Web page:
Obituary: Longtime Science Museum volunteer Kay Blair specialized in fossils

Obituary: Longtime Science Museum volunteer Kay Blair specialized in fossils

Kay Blair once spent a year meticulously preparing a fossil of a 6-foot long crocodile skull.

Blair, the oldest and one of the longest-tenured volunteers in the paleontology laboratory at the Science Museum of Minnesota, had “the detailed-oriented mindset, as well as the infinite patience, to sit there and scrape away at a bone for hours on end,” said Alex Hastings, the museum’s Phillip W. Fitzpatrick Chair of Paleontology.

“It really takes a specific kind of person … because it’s very, very detailed work,” Hastings said. “Kay was one of our best volunteers.”

Blair died Wednesday night at Saint Therese at St. Odilia Hospice in Shoreview of complications related to several strokes she suffered in early March. She was 96.

Blair started volunteering at the Science Museum in the early 1980s. A former professor of mathematics at Hamline University, Blair was initially invited to work on a trial basis in the paleontology lab by former Philip W. Fitzpatrick Chair of Paleontology Bruce Erickson.

A family friend, Ned Bray, volunteered at the museum and introduced her to Erickson. “Bruce said he would try her out for a while,” said her son, Carl Blair. “It was very much an audition.”

Until COVID-19 shuttered the lab a year ago, Kay Blair would volunteer every Tuesday and Thursday.

It takes someone incredibly detail-oriented and patient to uncover paleontological specimens for study or exhibit, said Mark Ryan, who volunteered with Blair.

Fossil preparator Kay Blair, a longtime volunteer at the Science Museum of Minnesota, in 2013 used an air scribe to reveal the tail section of a fossil fish (Lepisosteus) that had previously been preserved in a slab of Green River shale from Wyoming. Blair, of St. Paul, died Wednesday, March 10, 2021. She was 96.(Courtesy of Mark Ryan)

“Kay would sometimes show me a miniscule piece of fossil that had broken off, and she would make sure it got glued back,” he said. “She was very exacting and meticulous in her fossil preparation.”

Blair was featured in the 2021 edition of “The Fossil Prep Calendar,” a fundraiser for the Society of Vertebrate Paleontologists. “She was Ms. October,” Ryan said.

Kay Winger was born in Northfield and graduated with a bachelor’s degree in chemistry from St. Olaf College in 1945. Three years later, she got her master’s degree in physics from the University of Minnesota.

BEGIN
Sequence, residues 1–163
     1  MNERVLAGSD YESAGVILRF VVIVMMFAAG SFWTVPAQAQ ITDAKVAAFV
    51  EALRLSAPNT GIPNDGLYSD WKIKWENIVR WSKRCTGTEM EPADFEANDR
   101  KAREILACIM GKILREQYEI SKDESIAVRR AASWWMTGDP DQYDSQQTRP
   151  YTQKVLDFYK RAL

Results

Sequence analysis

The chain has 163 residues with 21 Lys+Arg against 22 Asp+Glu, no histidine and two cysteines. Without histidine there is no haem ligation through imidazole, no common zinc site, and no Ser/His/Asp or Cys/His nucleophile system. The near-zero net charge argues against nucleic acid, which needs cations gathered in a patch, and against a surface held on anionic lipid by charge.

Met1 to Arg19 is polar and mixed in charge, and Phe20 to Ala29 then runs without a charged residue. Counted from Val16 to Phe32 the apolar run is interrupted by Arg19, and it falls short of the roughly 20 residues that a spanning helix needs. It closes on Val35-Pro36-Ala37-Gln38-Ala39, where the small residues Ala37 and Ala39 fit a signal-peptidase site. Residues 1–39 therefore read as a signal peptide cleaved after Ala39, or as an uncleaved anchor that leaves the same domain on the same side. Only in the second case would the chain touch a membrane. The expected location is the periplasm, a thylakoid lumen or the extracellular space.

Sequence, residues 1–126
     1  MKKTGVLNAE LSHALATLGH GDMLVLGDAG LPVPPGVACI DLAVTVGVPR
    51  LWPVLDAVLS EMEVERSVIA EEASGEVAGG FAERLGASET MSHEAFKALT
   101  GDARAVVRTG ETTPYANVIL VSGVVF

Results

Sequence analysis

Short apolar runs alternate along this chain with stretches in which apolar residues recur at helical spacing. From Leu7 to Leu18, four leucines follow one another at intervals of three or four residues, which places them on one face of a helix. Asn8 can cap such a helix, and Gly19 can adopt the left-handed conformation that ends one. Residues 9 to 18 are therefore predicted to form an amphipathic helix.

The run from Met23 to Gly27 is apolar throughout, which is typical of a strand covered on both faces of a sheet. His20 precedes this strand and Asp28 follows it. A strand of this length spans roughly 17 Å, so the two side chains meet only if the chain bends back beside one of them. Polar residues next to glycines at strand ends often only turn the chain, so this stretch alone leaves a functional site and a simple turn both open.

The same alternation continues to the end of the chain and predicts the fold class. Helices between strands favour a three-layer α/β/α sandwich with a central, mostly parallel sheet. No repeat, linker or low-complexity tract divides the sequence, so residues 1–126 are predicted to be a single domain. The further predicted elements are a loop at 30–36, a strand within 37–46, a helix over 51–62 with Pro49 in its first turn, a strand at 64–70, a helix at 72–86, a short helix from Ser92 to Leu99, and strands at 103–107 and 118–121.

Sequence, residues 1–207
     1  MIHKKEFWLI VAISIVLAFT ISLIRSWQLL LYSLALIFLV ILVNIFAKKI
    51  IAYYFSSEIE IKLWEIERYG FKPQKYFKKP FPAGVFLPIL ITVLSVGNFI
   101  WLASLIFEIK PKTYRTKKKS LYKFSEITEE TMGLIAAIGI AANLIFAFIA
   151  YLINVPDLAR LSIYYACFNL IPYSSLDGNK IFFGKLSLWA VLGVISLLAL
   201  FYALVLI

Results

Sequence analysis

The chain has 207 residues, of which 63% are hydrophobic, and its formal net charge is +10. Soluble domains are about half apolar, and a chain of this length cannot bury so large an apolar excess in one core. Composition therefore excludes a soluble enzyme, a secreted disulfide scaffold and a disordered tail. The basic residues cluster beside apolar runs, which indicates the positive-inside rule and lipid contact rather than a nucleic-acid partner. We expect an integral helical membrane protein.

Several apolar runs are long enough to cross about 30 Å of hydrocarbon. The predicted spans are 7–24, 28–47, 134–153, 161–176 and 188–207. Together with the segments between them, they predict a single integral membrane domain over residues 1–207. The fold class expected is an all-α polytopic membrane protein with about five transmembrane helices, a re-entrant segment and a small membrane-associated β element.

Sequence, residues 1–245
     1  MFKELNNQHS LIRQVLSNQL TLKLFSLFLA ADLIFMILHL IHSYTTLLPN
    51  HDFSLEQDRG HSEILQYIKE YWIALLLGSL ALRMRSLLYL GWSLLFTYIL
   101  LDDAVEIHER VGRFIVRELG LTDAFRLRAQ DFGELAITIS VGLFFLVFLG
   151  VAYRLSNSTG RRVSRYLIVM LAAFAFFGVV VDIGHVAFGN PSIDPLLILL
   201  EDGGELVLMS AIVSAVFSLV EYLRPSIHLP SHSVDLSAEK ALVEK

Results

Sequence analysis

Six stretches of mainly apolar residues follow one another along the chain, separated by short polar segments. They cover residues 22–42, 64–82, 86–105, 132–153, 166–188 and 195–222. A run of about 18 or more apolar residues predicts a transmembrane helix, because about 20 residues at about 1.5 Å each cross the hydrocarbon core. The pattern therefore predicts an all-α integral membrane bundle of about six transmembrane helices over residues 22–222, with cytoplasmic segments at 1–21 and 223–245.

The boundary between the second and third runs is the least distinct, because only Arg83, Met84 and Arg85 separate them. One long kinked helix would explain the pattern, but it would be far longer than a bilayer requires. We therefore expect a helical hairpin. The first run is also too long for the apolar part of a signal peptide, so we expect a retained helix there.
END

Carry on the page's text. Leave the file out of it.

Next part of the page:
While at the U of M, she met an experimental nuclear physicist named Morris Blair, who had worked on the Manhattan Project at Los Alamos National Laboratory and witnessed the first atomic bomb test. The couple married in 1948 and had two sons, Carl and John. Morris Blair died in 1996.

Kay Blair worked with her husband at Argonne National Laboratories outside Chicago. He later designed the U of M’s John H. Williams Laboratory for Nuclear Physics.

Kay Blair taught mathematics at Macalester College in St. Paul as she completed her Ph.D. in mathematics at the University of Minnesota, which she received in 1966. She also taught at the U and at the Minnesota School Mathematics and Science, where she was “part of the team that came with more contemporary ways to teach mathematics to children,” Carl Blair said.

Blair said his mother found math interesting for the same reasons she found chemistry and physics interesting, which was “how the variables interact and the interactions and the patterns you can see when you do higher-level mathematics,” he said. ” … It allows you to explore and look at the world around you and see it in a different fashion and be aware of how the different parts interact with each other.”

Blair lived in St. Paul’s St. Anthony Park neighborhood. She is survived by her two sons and four grandchildren.

A memorial service will be held this summer at St. Anthony Park United Church of Christ, where she was a longtime member. O’Halloran and Murphy Funeral Home in St. Paul is handling the arrangements.

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